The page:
Originally published on Back Page Football 19/5/2014.

The popular consensus ahead of next month’s World Cup in Brazil is that the tournament can be the defining moment in Barcelona forward Lionel Messi’s career.

If the Argentina captain can propel his country to glory, on enemy soil, it will be hard pressed to argue against the inevitable proclamations that the diminutive genius is the greatest footballer of all time. However, even if Argentina fall short, Messi’s place among the pantheon of the game’s greats has long been assured. The next two months will go some way to defining Messi career, but it will not be the definitive estimate of his career.

Messi’s Atletico Madrid rival, striker Diego Costa, is, however, facing the prospect of a career defining period. It would be foolish to suggest the striker can, or ever will be able to put himself on par with Messi. However, Costa has a unique opportunity to capture the game’s greatest prizes and thus secure his standing as a peak operator.

The striker has had a stunning season, scoring 36 goals in 50 appearances and driving his club to an historic league title and Champion’s League final. A reoccurrence of a niggling hamstring injury prevented Costa from pushing his team over the line in last night’s La Liga decider against Barcelona. The striker went from been visibly distraught to elation upon his side capturing the unlikely title.

However, with part one of the double complete, Costa’s prime focus will be on a swift return for Saturday’s Champions League final against city rivals Real Madrid. In what may prove to be a tight encounter, Costa’s power and proficiency could be the decisive factor, as it was when the two sides met last September. The striker scored the only goal as Atletico won at the Bernabéu for first time in the league for 34 years, spoiling Gareth Bale’s debut and upstaging Cristiano Ronaldo.

Regardless of whether Costa can return for the culmination of Atletico’s improbable season, his power, intensity and proficiency have embodied the qualities of Diego Simeone’s side. Costa is reported to be on the verge of a €40 million move to Chelsea, and, if so, the Champion’s League final will be a fitting end to his time with Atletico. Saturday’s final, and next month’s world cup, could mark the beginning of the next stage of Costa’s career.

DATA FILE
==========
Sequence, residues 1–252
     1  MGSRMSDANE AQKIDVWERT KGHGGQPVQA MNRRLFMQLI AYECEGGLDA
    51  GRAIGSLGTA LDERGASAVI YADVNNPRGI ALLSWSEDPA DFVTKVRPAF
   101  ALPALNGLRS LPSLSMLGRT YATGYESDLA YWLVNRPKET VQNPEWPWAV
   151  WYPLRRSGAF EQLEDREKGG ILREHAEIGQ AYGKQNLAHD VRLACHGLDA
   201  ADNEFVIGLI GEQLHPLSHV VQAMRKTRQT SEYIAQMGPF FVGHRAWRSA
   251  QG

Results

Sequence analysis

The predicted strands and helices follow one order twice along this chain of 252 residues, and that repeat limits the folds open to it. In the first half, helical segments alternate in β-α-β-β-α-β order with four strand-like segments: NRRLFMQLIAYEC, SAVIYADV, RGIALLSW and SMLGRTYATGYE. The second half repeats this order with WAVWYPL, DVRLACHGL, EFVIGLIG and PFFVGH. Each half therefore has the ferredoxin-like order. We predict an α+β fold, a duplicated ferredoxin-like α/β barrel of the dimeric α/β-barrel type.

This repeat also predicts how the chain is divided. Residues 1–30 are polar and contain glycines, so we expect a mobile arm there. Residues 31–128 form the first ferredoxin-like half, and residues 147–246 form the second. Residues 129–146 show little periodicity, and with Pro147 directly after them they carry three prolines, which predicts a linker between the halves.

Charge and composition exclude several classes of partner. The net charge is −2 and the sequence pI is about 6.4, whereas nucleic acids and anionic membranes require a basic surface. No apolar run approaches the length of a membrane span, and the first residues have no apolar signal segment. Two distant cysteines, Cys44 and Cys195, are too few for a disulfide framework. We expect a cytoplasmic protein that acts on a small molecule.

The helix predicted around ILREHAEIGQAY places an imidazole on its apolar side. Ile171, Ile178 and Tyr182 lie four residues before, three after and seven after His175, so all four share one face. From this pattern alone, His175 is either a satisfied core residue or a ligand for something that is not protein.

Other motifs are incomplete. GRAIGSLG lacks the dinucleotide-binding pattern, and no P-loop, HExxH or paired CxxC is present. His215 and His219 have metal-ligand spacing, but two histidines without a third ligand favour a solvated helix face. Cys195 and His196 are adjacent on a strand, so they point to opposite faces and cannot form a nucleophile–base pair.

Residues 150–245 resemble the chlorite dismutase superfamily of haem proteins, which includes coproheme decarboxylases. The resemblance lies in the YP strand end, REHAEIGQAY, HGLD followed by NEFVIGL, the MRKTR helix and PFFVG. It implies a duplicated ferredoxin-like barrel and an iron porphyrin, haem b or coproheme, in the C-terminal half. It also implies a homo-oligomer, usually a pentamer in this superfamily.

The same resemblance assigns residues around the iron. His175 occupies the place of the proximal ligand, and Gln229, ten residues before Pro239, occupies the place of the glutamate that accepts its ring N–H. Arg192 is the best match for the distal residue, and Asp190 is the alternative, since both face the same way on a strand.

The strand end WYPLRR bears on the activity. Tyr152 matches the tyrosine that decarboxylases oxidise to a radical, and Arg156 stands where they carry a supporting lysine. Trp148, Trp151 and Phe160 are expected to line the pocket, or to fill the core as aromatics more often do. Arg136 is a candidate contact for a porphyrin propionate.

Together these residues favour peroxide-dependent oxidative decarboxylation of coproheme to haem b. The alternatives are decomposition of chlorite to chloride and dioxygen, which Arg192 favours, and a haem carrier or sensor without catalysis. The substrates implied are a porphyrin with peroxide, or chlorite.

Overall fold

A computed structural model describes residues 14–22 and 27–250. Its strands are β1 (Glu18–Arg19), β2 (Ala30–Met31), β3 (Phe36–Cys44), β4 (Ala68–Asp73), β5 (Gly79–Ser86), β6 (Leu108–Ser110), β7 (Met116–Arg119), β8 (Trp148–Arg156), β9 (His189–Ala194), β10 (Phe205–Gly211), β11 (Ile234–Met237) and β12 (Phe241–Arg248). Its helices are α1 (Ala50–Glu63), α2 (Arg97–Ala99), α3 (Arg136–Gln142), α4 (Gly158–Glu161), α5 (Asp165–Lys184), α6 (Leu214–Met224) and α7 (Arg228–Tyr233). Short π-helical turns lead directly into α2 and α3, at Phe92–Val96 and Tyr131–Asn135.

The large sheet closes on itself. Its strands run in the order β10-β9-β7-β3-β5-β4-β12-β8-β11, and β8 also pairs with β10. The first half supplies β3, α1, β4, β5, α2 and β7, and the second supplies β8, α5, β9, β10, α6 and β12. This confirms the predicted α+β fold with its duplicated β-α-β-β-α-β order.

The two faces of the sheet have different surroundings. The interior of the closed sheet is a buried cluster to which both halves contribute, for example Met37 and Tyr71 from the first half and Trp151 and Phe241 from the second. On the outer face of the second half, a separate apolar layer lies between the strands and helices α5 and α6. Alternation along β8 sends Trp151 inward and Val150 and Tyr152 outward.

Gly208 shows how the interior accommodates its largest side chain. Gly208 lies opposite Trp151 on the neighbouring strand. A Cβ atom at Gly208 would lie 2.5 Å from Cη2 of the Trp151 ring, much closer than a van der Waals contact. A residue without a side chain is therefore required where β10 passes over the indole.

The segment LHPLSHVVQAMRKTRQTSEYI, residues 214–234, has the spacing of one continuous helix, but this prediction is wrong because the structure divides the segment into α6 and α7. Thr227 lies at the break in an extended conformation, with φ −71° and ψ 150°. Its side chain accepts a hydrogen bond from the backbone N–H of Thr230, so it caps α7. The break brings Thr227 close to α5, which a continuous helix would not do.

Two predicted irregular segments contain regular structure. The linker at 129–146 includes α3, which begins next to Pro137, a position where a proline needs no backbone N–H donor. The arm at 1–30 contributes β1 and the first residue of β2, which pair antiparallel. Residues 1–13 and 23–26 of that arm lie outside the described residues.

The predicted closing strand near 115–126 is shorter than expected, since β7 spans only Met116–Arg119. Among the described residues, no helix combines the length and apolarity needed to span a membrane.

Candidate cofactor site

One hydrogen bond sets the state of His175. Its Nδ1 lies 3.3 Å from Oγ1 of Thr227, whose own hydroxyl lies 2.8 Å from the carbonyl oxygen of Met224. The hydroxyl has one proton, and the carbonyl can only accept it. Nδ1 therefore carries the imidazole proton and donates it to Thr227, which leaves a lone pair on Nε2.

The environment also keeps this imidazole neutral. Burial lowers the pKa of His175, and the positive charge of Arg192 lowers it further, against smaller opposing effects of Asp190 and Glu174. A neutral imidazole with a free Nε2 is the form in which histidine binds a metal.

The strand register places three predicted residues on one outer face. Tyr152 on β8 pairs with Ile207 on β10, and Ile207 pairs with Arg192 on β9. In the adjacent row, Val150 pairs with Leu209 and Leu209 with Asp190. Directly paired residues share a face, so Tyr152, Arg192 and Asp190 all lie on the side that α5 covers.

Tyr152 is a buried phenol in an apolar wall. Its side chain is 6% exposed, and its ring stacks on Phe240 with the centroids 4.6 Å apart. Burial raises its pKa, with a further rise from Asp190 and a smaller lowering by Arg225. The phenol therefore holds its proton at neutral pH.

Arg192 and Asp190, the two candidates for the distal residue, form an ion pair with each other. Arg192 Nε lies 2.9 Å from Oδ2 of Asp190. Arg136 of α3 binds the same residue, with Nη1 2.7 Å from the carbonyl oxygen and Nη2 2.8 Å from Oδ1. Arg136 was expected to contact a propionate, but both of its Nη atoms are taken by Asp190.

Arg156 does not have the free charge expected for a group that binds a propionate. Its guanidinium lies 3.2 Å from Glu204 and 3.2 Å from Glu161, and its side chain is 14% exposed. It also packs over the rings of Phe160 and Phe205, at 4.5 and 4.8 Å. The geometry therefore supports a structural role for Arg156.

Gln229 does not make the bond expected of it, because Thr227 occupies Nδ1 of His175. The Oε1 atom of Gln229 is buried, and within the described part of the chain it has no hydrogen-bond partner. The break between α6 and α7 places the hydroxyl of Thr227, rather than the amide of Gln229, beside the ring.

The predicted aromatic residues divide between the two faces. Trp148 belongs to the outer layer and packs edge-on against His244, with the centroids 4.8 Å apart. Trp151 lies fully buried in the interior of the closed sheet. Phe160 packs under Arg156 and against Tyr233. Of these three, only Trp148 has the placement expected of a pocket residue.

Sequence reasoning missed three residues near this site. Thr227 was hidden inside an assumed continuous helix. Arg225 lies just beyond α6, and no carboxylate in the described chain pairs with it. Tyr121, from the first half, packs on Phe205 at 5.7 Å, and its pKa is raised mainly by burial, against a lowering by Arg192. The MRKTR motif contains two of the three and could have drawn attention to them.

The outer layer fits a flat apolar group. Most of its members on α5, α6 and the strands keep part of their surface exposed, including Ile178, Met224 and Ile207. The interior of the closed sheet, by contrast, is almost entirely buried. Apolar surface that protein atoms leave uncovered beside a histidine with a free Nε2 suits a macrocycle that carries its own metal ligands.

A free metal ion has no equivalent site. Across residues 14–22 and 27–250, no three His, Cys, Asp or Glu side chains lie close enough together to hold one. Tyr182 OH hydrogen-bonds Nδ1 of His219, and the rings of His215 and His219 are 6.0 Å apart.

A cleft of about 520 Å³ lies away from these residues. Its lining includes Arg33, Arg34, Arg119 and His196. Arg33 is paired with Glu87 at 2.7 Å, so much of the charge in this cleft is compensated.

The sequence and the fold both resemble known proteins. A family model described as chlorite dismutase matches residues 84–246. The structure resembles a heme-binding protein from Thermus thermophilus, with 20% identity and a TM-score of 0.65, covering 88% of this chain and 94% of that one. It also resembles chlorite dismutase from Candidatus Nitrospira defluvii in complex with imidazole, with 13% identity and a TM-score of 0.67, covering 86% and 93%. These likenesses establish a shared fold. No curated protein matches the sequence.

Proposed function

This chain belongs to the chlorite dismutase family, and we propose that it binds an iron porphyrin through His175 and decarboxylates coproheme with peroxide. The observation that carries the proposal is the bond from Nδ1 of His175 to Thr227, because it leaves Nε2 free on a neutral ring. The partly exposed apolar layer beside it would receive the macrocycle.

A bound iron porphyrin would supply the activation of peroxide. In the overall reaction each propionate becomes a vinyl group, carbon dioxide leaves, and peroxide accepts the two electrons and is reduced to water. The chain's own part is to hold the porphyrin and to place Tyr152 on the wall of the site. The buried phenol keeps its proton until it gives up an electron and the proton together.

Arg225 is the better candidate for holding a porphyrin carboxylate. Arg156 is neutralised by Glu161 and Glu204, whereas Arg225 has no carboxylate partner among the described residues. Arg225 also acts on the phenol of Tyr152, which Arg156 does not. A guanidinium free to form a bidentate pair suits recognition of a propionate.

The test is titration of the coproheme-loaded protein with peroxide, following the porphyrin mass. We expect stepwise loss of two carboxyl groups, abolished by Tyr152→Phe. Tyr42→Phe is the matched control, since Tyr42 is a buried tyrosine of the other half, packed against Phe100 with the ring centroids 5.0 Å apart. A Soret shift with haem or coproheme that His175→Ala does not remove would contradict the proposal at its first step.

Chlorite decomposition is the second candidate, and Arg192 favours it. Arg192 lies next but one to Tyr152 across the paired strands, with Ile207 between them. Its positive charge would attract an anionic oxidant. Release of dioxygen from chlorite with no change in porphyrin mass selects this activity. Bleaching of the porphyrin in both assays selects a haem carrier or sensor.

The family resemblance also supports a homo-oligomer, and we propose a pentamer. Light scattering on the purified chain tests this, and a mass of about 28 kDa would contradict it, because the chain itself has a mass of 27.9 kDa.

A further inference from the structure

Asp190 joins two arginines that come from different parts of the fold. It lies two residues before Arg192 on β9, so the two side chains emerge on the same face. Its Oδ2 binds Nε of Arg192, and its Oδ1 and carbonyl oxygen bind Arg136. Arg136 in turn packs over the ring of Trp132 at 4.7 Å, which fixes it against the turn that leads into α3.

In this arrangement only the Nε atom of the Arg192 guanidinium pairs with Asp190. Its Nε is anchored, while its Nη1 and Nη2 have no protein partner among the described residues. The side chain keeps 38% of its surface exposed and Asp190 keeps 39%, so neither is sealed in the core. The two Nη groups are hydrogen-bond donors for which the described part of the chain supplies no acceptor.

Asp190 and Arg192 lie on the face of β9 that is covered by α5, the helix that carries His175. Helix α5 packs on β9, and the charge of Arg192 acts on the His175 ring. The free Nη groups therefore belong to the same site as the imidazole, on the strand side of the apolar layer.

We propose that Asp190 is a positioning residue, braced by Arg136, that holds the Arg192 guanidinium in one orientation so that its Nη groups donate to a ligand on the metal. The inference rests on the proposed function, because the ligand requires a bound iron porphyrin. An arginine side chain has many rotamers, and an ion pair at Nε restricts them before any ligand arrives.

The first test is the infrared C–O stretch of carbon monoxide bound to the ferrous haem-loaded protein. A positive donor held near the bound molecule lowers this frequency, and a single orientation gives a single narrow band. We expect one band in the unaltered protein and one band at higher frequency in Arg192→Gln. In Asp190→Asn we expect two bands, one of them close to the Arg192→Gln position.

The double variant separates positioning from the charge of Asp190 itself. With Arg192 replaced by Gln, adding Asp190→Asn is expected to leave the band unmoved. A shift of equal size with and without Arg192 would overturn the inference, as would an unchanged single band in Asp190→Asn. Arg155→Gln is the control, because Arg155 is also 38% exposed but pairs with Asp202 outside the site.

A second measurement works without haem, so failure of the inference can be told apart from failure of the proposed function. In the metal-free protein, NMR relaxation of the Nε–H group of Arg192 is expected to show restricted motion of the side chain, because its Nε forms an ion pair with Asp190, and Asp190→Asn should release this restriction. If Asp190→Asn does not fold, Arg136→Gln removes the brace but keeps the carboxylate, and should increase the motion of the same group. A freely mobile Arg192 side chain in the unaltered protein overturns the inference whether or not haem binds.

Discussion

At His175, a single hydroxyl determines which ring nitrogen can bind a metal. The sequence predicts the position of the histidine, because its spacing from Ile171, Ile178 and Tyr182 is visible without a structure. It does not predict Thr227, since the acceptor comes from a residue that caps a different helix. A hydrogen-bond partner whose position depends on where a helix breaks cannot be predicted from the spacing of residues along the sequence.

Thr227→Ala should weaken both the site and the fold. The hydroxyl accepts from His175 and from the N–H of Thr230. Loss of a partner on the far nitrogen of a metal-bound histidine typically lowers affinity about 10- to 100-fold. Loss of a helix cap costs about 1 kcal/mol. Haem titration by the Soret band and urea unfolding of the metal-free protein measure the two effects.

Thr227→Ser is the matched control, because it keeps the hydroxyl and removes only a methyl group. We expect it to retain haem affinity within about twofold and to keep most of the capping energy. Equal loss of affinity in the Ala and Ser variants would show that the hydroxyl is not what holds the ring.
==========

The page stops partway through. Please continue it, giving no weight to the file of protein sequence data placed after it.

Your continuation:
‘Costa is not Spanish’ chanted the Real Madrid fans as their team lost last year to their great rivals. And while the striker may not be Spanish in their eyes, he holds a Spanish Passport and within five months he would make his debut for the World and European Champions. Costa had made just two friendly appearances for his native country and was not included in Luiz Felipe Scolari’s squad for last year’s Confederation Cup, despite Brazil’s relative lack of quality centre-forwards. As he had not appeared in a competitive game, Costa was free to choose which country to represent.

When Brazil came calling again last autumn it was too late. ‘When I heard there was interest from Spain I began to imagine things, to think: ‘Why not?’ the striker said in March, in an interview with Spanish-based journalist Sid Lowe. ‘It was a privilege that the world champions want you, a privilege to be able to help the great players they have. I felt very important. I valued it a lot’. Therein lays the basis of Costa’s decision. Whereas he felt undervalued by Brazil, when he was just a promising striker, Spain’s interest reflected his new status and Costa’s decision represented his new-found place at the cusp of the game’s elite players. He chose perceived loyalty and estimation of his personal value over national allegiance, or the emotional pull of potentially winning the World Cup in the country of his birth.

It was a bold statement and one which irked Scolari, who said ‘He is turning his back on a dream of millions, to represent our national team, the five-time champions in a World Cup in Brazil’. The Brazil manager is clearly bullish about Costa’s defection to their key rivals. Yet one can only imagine Big Phil,when he announced his squad with just two centre-forwards, was left wondering what might have been. Costa, with his incisive movement, powerful running and clinical finishing, would have been the ideal focal point of his attack. And perfect foil for Brazilian golden boy Neymar.

Indeed, it is telling that Chelsea, the club team that perhaps most closely resemble Brazil, see Costa as the missing piece in their side. Both Chelsea and Brazil are built on a solid defence with an industrious midfield. At their best they are both direct, fast and hard pressing, with a sprinkling of individual flair, with Belgium’s Eden Hazard being Chelsea’s equivalent of Neymar. On July 14th, the day after the World Cup final, will Scolari, as his Chelsea counterpart José Mourinho has done all season, be ruing the absence of a world class centre-forward?

Costa himself was largely anonymous during his adopted country’s friendly win over Italy in March and, until the World Cup begins, it is unclear exactly how the striker fits into Spain’s tiki-taka system. However, even if it is by virtue of denying their main rivals of his quality, Spain is set to profit from Brazil’s loss as Costa could prove the tournament’s decisive figure.

From international cast-off and second choice Atletico striker, to a Spanish, and potential, European and World champion, in less than a year. Costa is on the cusp of the game’s greatest prizes, and cementing his place on football’s elite stage.